State official baffled: Why didn't IDNR fire Scott Flood?

News-DemocratJuly 18, 2011 

Illinois' executive inspector general says he can't understand why the Department of Natural Resources didn't fire manager Scott Flood before allowing him to become vested for a state pension.

Ricardo Meza, executive inspector general for the agencies of the governor, said in an interview with the News-Democrat that his office conducted an airtight investigation into Flood, a Belleville resident with political connections.

"There were no questions," Meza said.

The investigation by Meza's office found that Flood slept on the job, arrived for work late and left early, misused his state cell phone and truck, and had outside employment without state permission.

Flood's attorney, Carl Draper, has said the inspector general's report has "multiple errors."

Meza's office turned its findings over to IDNR in January, with a recommendation that Flood be fired.

The IDNR, in a response dated Jan. 25, said it planned to fire Flood.

But an agreement between IDNR and Flood, dated May 10, states that Flood would be allowed to resign and would be put on administrative leave with pay until July 15, "to allow employee to vest with the State Employee Retirement System."

Draper, and IDNR's chief of staff, Jay Curtis, say the pension isn't really an issue, because Flood became vested on May 5, five days before the resignation agreement was signed.

Curtis said negotiations were conducted between IDNR and Flood's attorney from January through May. He said Flood and his attorney at first would accept only a five-day suspension. Curtis said Flood and his attorney were prepared to litigate the issue, which could have cost the state "potentially millions of dollars."

Meza said IDNR officials didn't give him any information on why they went along with the resignation agreement.

"We were a little confused about why a state agency would allow an employee -- who was found to be engaged in misconduct, and they agreed it was someone they should terminate -- why they would allow that employee to remain on the job and become vested," Meza said. "I don't understand."

Flood was a regional manager for IDNR, overseeing all state parks and IDNR properties in western Illinois, with a salary of about $70,000. He is the son of former IDNR Director Sam Flood, a longtime Democratic politician in St. Clair County.

The inspector general's report shows that the inspector general's investigators had Flood under surveillance as early as July 2009.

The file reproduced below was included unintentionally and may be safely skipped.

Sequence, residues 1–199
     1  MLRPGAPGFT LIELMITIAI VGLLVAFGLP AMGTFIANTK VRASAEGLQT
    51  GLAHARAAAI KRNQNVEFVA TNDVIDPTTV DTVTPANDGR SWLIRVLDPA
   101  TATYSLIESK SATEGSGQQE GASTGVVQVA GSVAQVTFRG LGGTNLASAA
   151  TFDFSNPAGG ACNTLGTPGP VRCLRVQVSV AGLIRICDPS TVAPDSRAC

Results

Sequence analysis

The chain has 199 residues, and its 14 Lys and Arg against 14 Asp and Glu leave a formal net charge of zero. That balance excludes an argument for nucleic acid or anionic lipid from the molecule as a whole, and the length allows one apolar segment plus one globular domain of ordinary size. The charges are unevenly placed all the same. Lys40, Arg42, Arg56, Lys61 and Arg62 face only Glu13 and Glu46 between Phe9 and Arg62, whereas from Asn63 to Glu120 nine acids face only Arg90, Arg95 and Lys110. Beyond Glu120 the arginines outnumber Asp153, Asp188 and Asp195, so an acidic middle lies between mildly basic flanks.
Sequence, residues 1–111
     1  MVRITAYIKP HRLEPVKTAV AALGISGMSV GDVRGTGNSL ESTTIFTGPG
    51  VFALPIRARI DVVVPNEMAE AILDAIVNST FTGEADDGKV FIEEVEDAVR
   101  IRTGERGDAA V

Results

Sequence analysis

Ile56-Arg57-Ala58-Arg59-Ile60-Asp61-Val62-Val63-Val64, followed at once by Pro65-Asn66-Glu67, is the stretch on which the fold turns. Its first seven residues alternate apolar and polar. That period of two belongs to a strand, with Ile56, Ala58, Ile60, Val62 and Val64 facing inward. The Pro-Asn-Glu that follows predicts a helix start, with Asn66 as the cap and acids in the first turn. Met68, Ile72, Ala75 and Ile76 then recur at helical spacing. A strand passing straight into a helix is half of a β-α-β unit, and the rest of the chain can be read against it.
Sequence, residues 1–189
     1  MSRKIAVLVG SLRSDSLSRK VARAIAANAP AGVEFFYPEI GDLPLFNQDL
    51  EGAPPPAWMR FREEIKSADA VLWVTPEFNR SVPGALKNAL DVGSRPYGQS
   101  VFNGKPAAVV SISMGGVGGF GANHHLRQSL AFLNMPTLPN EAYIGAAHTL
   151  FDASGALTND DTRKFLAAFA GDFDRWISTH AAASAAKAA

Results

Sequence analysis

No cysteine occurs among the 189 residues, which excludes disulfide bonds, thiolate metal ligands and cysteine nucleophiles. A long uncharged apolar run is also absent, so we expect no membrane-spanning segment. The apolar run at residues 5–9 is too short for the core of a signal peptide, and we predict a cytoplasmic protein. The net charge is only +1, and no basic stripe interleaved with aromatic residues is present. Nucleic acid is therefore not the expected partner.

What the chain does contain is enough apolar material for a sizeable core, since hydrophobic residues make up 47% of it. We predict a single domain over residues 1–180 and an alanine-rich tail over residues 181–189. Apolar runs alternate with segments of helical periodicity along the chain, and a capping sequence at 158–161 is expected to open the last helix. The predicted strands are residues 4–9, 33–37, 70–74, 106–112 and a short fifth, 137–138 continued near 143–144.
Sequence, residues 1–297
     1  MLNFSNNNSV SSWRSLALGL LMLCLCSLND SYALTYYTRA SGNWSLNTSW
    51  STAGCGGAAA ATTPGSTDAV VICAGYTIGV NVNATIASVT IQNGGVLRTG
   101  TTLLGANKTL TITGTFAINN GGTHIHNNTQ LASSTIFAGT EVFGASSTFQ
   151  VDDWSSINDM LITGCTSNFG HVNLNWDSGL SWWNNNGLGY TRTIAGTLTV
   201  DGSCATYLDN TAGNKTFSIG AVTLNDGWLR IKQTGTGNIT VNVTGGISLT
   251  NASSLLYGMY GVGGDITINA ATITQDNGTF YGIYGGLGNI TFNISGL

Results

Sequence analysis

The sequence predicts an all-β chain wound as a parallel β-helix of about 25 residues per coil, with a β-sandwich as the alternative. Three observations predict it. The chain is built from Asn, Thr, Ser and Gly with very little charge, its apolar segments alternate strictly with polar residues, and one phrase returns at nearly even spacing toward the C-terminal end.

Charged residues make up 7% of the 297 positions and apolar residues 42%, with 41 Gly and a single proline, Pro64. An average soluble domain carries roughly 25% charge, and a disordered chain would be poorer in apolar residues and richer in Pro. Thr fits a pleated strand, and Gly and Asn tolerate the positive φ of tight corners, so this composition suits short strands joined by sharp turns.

"We believe everything we found ... was based on objective information," Meza said.

As for why the investigation wasn't completed until January, Meza said his office had a backlog of 256 open investigations when he was appointed in September 2010. His office has chipped away at the backlog, whittling it down to 109 open cases.

"One of the first things I did was to speak to the staff about the importance of conducting thorough, objective and timely investigations," Meza said. "I immediately began taking action to close investigations that were completed."

Sam Flood, a former county clerk of St. Clair County, was appointed IDNR interim director in 2005 by former Gov. Rod Blagojevich and served in the position until 2009. Flood at one time served as the downstate liaison for Blagojevich.

In 2008, federal investigators looking into possible hiring fraud in Blagojevich's administration asked for the personnel files of 14 people -- including Scott Flood.

Scott Flood was hired by IDNR in 2003 as a state park manager, after having served as the head of the maintenance department at the St. Clair County Juvenile Detection Center.

Scott Flood can begin collecting his state pension at age 60. The amount of his pension is unclear, but based on rough calculations involving his length of service, he would receive about 13.5 percent of his salary. State retirees also typically get a cost-of-living increase in their pension every year.

Contact reporter Brian Brueggemann at bbrueggemann@bnd.com or 239-2511.

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